7 January 2019 by Alice Somerset
Simply put, Tuscany’s capital is a world wonder. As the birthplace of the Renaissance, its medieval streets are lined with tiered bridges, a giant multi-coloured cathedral and world-class galleries that host masterpieces by such names as Michelangelo and Raphael. However, as it was once the cultural, economic and political centre of Europe, Florence is no secret. In fact, it has long been a tourism staple, with the city an important fixture on the Grand Tour – a rite of passage for the 18th-century elite. Here’s the insiders’ guide to avoiding the crowds that spill out onto its narrow streets.
When to go to Florence
The key to any good Florentine getaway is picking your moment. Avoid the height of the summer when temperatures can exceed 30°C and the Italian school holidays are in full swing. Instead, look either side for more temperate weather or even over winter to really avoid the crowds. There’s something particularly pretty about the pearly whites, accented reds and soft greens of the Duomo’s marble façade in the crisp, end-of-year sun.
Evening light hits the Ponte Vecchio and the River Arno in Florence
Don't miss the Galleria degli Uffizi
No trip to Florence would be complete without a visit to its premier gallery. Here you’ll find living marble sculptures, priceless oils from Renaissance masters and whole legends played out over dramatically frescoed ceilings. Get a taste with this interactive walk from Google. But, you won’t want a virtual experience of the queues – lines can last for hours. To avoid this, book ahead either over the phone, online or by speaking to your Wexas consultant. You’ll get a dedicated timeslot so you can skip the wait.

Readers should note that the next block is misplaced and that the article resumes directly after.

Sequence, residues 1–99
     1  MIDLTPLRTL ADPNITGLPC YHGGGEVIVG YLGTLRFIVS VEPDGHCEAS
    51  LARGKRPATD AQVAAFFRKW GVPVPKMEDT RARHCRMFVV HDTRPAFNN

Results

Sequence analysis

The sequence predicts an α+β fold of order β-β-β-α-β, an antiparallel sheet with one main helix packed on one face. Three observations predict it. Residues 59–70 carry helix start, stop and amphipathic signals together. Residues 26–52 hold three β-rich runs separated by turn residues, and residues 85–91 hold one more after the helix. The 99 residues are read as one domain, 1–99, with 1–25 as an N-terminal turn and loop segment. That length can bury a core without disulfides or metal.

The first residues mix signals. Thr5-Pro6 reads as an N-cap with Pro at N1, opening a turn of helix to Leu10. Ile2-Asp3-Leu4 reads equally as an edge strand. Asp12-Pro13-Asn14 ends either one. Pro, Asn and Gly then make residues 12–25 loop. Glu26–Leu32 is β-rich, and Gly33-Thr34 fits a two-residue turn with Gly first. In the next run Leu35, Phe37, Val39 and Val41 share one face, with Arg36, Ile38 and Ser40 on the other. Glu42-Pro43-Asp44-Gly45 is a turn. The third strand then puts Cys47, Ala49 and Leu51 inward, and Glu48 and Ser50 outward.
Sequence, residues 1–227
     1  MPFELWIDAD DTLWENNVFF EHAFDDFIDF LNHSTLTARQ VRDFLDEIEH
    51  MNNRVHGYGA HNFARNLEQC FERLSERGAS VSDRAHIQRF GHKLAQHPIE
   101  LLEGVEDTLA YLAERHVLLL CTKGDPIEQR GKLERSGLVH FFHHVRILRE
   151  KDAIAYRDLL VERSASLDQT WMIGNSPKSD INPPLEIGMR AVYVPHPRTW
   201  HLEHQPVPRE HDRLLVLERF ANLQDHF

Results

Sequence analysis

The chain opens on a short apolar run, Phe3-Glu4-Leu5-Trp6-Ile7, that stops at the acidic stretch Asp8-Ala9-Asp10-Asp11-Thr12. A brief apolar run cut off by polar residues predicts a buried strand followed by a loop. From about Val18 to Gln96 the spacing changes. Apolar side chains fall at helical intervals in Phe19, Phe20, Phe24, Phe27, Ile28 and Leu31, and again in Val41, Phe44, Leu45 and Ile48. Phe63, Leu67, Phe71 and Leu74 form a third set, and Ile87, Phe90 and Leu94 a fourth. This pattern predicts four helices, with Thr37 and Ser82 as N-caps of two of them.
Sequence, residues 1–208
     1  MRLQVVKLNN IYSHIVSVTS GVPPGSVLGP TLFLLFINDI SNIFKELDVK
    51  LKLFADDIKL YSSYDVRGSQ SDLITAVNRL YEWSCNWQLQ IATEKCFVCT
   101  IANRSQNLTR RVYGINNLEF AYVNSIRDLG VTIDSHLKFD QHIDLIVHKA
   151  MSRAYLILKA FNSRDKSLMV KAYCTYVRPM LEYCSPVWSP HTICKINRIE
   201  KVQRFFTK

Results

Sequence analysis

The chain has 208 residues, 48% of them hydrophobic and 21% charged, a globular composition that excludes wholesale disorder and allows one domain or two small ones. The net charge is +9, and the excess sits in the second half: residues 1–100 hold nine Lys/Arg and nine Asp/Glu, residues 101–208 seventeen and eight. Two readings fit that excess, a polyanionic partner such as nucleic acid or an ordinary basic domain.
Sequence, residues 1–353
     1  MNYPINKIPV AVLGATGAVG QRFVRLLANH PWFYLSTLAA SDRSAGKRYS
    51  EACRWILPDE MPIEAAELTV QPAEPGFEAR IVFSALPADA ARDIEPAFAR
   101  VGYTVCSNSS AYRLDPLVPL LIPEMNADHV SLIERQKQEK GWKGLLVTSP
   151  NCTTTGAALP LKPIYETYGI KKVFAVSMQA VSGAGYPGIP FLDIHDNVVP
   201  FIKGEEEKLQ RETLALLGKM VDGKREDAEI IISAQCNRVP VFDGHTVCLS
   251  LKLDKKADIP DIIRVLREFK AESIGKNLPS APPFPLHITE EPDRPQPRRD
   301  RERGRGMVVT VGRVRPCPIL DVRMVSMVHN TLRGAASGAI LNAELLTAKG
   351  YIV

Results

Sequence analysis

How to get around Florence
Don’t drive. With impossibly narrow streets, fiendish one way systems and instant fines of almost €100 for daring to set one unlicensed tire in the historic centre, it’s always easier to leave the car behind. Instead, you’ll find Florence to be entirely walkable, with a half hour’s stroll bringing you the breadth of the city. In fact, it’s the best way of getting to know old Firenze as twistingly atmospheric laneways lead you between medieval sites, discovering a welcoming trattoria or lesser-known architectural wonder around every corner. To get in and out, you’ll find the train station to be perfectly central while a short taxi or bus ride will see you to the airport.
Make sure to turn south
As with our London, Florence’s historic sprawl is centred on the northern banks of its river. As such, its southern half offers the chance to escape for some leafy respite. While the formal Boboli Gardens and their fountains, blooming flowerbeds and stunning sculptures impress, a simple walk from the Piazzale Michelangelo to the Porta Romana is a quiet delight and my favourite route in Florence. Entirely shaded by century-old oaks and those famously Tuscan cypress trees, it’s a two-mile stroll that passes medieval basilicas and the mansions of the city’s cultural elite. Along the way, you’ll glimpse giant vistas over Florence’s terracotta-roofed beauty in between the dense verdure. If all this sounds appealing, perhaps splurge on a stay at Villa Cora – a 19th-century aristocratic palace complete with ballroom.
The lavish interior of Villa Cora
Get off the beaten track
With such a wealth of attractions, Florence has many sites that would be centrepieces in any other city. As mentioned previously, the best way to get to know it is by foot, losing yourself in its labyrinthine medieval streets. You’ll quickly find yourself stumbling across hidden gems, whether it’s an alleyway of violin makers, centuries-old churches or simply the chance to watch the world go by from a quiet, plaza-side café. My lesser-visited favourites are the Santa Maria Novella – a 14th-century basilica adorned with fantastically coloured frescoes – and the Forte di Belvedere, an imposing 400-year-old fortress hidden among the city’s southern hills.
Experience sunset at Piazzale de Michelangelo
In somewhat of a contradiction to the last tip, an undiscovered gem this is not. However, the Piazzale de Michelangelo offers the best views of Florence, given that – unlike the central towers – it’s set back from the city. As such, the square looks out, over the River Arno, to Florence’s orange-roof skyline, defined by the Duomo’s great dome and the Arnolfo Tower’s imposing brickwork. Be sure to arrive in time for sunset when the city’s delightful architecture erupts in multi-coloured hue. What’s more, it’s free and just a 20 minute-or-so walk from the centre.